When my husband and I moved into our house many years ago, the backyard didn’t have any landscaping. It took us some time to budget for a garden, and we decided to start with planting a flower garden on one side of the house.
Of course, on the day we designated for the project, I thought we’d dig the plot in the morning, plant in the afternoon, and then we’d sit back and watch our garden flourish in the sunny days that followed.
(There seems to be a theme on this blog, and perhaps my life, of grand plans followed by reality checks!)
Unfortunately, the Georgia earth did not share our vision. We spent the entire first day chiseling through rock and compacted clay, sweating and swearing, with our shovels clanging in protest.
We regrouped the next day and mixed planting soil into our small border plot. We planted some colorful flowers and a two-foot camellia.
My dad loves to garden, and during one of my visits home that spring, he gave me clippings from his perennials. He wrapped them in wet paper towels and plastic wrap. My mom gave me seeds from her morning glories, and we packed the seeds and clippings in a shoe box, snug in my suitcase, for my flight back to Atlanta.
(I’m happy to report I made it through airport security without being strip-searched or arrested for plant smuggling, but you might not want to try this yourself.)
We planted the clippings and seeds, and we watered our garden and tended it over the hot Georgia summer. Over the next few years, the garden evolved, and some of the original plants blossomed as we’d hoped. The sedum, euonymus, and morning glories from my parents’ garden adapted quickly.
The camellia grew steadily and surprised us with beautiful pink blooms every January and February—before spring even started!
sedum and euonymus
After success with the first flower bed, we decided to plant a similar border on the other side of the house. While the first garden was very freeform, the second border was planned to be more structured with a line of shrubs.
We bought three azaleas, which are native to Georgia, so we thought they would thrive. However, the second garden was prone to flooding—and maybe we didn’t dig the holes deep enough, or maybe the soil was too acidic (or not acidic enough?). Either way, during the first spring to summer, we watched the azaleas fry and die.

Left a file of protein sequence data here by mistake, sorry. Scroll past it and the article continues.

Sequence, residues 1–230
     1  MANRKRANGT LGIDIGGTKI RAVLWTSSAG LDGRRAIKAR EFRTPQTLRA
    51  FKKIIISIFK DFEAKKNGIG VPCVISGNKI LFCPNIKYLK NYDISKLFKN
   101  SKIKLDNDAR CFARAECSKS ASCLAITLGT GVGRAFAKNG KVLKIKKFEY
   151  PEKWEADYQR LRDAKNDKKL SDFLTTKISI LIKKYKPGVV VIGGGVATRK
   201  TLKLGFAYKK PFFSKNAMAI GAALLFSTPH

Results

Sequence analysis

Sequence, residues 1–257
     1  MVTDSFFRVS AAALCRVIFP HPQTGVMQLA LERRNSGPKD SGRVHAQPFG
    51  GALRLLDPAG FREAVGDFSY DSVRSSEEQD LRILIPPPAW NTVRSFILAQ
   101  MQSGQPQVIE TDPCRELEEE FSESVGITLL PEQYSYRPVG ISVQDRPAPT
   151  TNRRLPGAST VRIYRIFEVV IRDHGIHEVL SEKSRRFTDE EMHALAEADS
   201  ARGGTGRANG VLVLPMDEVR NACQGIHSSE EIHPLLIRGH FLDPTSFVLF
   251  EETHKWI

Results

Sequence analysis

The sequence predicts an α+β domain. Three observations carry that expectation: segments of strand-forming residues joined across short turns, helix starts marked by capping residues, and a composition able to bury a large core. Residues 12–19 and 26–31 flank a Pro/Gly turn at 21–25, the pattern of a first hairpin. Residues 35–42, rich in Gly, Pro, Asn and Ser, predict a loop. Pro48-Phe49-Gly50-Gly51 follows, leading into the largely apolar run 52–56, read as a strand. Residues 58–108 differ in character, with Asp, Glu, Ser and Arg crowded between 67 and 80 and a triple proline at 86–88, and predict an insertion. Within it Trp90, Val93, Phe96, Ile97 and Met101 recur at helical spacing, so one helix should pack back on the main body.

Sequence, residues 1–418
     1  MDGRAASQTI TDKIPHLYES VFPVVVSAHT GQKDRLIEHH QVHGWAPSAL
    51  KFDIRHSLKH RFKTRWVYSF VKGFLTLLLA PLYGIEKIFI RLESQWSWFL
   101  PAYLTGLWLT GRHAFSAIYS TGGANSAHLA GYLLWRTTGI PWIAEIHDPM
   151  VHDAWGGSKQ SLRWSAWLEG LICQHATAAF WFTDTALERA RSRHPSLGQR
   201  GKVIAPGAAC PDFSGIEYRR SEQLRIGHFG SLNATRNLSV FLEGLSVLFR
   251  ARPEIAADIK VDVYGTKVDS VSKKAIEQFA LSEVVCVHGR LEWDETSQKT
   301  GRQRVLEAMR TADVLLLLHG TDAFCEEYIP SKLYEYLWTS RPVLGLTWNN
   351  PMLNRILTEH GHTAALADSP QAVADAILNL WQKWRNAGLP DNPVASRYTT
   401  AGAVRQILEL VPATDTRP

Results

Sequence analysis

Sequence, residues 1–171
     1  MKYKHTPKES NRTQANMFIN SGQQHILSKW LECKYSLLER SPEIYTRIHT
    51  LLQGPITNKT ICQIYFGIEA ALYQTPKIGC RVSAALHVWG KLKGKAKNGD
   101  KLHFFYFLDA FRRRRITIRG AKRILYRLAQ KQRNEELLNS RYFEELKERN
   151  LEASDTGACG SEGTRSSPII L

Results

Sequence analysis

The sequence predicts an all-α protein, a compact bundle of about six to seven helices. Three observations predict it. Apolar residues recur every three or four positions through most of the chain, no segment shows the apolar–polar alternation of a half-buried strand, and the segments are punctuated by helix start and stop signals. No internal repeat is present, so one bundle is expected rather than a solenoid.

We tried another set of azaleas the following year, and again we had the same result. The third year, we tried a new shrub type. I didn’t learn its name. I didn’t want to feel too attached.
We tended the shrubs…We watered them, but we didn’t over-water them.
We watched and waited.
They didn’t grow much, but they didn’t die…it looked like they were going to survive.
My friend commented that they were working beneath the surface.
“Have you heard the expression?” she asked, “The first year they sleep, the next year they creep, and then the next year they leap.”
Her gardening advice was on the mark, and our second garden grew from an orange mud puddle to a thriving and soothing green space. Like the first garden, we added clippings from our family’s and friends’ gardens, and we eventually learned what worked for that environment.
Nature has given us Sleep, Creep, Leap—and, if you’ll take a bit of a leap with me here (ha ha!), I believe we have the same stages in creativity too.
Sleep is the vision stage of creativity, and it comes from sleeping, dreaming, or daydreaming. It is the time when a color, idea, or story appears in your thoughts, and you begin to think, “I wonder what would happen if…”
This is the stage of researching and gathering ideas and seeds from your community. It is the stage of drawing preliminary sketches in your journal.
You buy some supplies. They gather in the corner while you stare at them, and they stare back at you saying, “There’s never a perfect time to start.”
During the Creep stage, you’ve planted your idea, and you’re ready to give it some care. You spend dedicated time nurturing your vision.
It is the stage of writing and editing, painting and layering, molding and baking. Your vision moves slower than you expect, but it is still growing.
It is also during this stage that your idea may shoot in a different direction, or maybe your original idea reaches a stopping point. The shrubs get flooded or the leaves are fried in the sun. You might need to start over in a new direction with new information.
It might not feel like it, but your vision is growing beneath the surface, giving your art foundation and strength—gathering nutrients to feed the buds above ground. You are in the flow, your vision has a quiet momentum…
In the Leap stage, your project has been nourished. The roots that grew during the Creep stage give it strength. It has survived the seasons, cold, heat, flooding—and coming into the spring, it is stronger than ever. All the work you did during the Sleep and Creep stages has allowed your vision to leap ahead. Your art is blooming wild.
Time to Reflect
As we transition from the sleepy winter into the potential of spring, I invite you to reflect on the color and light that inspires you.
Do you have an idea that is ready to grow?
What seeds are waiting to take root in your art?
What can you do to nourish your creativity?
Here’s wishing you patience and peace with the Sleep and Creep stages. May your creativity continue to leap and bloom.